There are many good websites, and the most useful are listed on a separate link on the Research Resources page.
 
 
The records which are most used by family historians are the following:
 

Official records of births, marriages and deaths

For England and Wales these started in 1837 and continue to the present day. The official record is the certificate, but you can learn a lot by just using the various indexes that are available on free websites, as well as part of subscription sites.

The Census

The U.K. census is taken every 10 years, and published after 100 years. The returns from 1841 to 1911 are available, and have been indexed so that you can find the individuals you want. The census shows family members, together with details of where they lived, when and where they were born, and what their occupations were. A useful additional list is the 1939 Register, taken as part of the preparations for war. Some census records are available without payment, but the subscription sites offer the most comprehensive source.

Church Records

These record baptisms, marriages and burials, and were kept by the different religions in different formats. Only church records are available for the period before 1837, but they can also be very useful for the years since. The Church of England parish records make up the majority, and they have usually been deposited in local record offices and archives. Many have been indexed or transcribed and are now available online.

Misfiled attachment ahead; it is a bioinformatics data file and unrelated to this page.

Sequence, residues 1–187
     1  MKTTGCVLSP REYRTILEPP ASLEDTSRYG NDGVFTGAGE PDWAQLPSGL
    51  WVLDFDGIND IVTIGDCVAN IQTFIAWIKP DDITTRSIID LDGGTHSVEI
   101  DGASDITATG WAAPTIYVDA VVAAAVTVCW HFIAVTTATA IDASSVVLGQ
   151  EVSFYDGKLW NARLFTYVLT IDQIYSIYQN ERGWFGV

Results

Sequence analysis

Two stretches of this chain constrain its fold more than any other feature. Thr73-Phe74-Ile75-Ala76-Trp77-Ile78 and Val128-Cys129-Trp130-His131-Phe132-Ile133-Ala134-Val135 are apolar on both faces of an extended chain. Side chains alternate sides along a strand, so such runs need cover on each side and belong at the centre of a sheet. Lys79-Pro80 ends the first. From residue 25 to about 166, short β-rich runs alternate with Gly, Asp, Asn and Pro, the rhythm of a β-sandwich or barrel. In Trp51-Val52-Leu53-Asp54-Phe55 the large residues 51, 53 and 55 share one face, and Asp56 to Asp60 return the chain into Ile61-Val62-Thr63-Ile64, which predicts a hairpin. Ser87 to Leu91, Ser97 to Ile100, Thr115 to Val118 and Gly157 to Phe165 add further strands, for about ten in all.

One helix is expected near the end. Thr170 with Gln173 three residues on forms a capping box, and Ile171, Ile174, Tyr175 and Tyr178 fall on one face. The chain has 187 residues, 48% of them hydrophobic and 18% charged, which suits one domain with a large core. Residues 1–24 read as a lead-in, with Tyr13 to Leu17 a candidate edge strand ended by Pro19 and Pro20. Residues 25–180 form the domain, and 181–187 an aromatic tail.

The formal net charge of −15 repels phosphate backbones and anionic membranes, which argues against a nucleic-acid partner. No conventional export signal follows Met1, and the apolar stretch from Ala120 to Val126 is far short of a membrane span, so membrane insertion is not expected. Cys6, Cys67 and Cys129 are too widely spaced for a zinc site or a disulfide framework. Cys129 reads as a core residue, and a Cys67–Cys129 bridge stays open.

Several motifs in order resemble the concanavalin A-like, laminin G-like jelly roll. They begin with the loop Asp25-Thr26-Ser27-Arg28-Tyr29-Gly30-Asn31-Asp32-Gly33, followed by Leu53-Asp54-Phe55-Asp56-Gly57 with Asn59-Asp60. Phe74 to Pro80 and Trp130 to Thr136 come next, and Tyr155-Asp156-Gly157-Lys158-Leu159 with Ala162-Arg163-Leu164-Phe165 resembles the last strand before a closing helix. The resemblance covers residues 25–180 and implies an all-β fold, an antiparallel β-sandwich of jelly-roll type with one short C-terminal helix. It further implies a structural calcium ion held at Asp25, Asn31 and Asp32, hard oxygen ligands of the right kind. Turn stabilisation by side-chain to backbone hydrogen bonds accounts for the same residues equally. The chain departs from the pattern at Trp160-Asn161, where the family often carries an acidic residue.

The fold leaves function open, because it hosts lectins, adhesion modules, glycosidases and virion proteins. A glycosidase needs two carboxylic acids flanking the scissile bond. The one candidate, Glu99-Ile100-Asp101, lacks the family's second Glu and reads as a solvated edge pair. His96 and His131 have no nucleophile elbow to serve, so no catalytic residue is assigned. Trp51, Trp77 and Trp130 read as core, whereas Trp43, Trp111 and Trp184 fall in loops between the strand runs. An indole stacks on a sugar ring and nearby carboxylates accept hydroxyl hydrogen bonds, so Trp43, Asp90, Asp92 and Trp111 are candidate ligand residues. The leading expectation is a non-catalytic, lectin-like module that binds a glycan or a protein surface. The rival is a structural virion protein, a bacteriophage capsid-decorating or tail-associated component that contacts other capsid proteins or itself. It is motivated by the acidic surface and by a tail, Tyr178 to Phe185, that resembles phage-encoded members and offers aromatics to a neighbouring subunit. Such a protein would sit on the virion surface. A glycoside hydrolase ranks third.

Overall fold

Burial records

By the nineteenth century, most of the urban church burial grounds were full. Private and municipal cemeteries were established to provide more space, and these were the commonest places for the dead to be buried until cremation became available. Many transcriptions of burial records have been done, together with records of the monumental inscriptions on gravestones. You should be aware that many people were buried in common graves, and not with other family members, and many graves do not have memorials. Also, many memorials have been removed or become illegible over the years.